THE owner of Burger King has not been able to shut down its Russia operations as the independent operator of its 800 stores in the country has “refused” to close the sites.
The president of Restaurant Brands International (RBI), which owns Burger King and has operated its restaurants in Russia for a decade in a joint venture which includes Alexander Kolobov, said the company was attempting to withdraw from the Russian market following the invasion of Ukraine.
But in a letter to employees, David Shear, RBI’s president for international operations, highlighted the complications involved in trying to stop operations.
There are “no legal clauses that allow us to unilaterally change the contract or allow any one of the partners to simply walk away or overturn the entire agreement,” Shear wrote.
“Would we like to suspend all Burger King operations immediately in Russia? Yes. Are we able to enforce a suspension of operations today?” he wrote. “No.”
Shear added that making any changes to its local Burger King business “would ultimately require the support of Russian authorities on the ground and we know that will not practically happen anytime soon”.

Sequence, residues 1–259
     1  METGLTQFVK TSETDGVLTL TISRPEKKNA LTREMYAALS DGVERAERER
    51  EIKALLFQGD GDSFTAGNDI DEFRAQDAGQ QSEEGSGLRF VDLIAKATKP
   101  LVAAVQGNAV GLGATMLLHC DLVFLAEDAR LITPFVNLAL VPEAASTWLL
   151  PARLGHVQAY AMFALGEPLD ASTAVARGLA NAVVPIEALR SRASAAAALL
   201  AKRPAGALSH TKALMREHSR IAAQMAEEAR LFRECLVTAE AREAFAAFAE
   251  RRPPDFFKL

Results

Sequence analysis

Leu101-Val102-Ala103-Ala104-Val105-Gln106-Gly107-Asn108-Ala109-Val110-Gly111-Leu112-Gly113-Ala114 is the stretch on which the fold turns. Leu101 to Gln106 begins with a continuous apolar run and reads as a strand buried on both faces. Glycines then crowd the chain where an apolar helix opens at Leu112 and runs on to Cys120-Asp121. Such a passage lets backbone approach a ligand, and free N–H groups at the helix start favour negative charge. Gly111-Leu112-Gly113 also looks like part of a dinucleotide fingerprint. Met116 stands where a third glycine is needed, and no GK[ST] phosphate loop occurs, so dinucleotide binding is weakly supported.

RBI entered Russia a decade ago through a joint venture partnership with three entities: Kolobov, who controls day-to-day operations, private equity and asset management firm Investment Capital Ukraine, and Russia’s state-owned VTB Bank.
VTB Bank has been sanctioned by the UK, the US and numerous European countries over the invasion.
Shear said the company has begun the process of disposing of its 15% ownership stake in the joint venture and has stopped supporting the supply chain, operations and marketing for Russia.
“We suspended all corporate support for the Russian market, including operations, marketing, and supply chain support in addition to refusing approvals for new investment and expansion.”
Western companies remain under pressure to withdraw from Russia following its attack on Ukraine. But Burger King is not alone in not being able to exit the country.
Marks & Spencer and hotel groups Marriott and Accor are also restricted by complex franchise deals preventing them from withdrawing.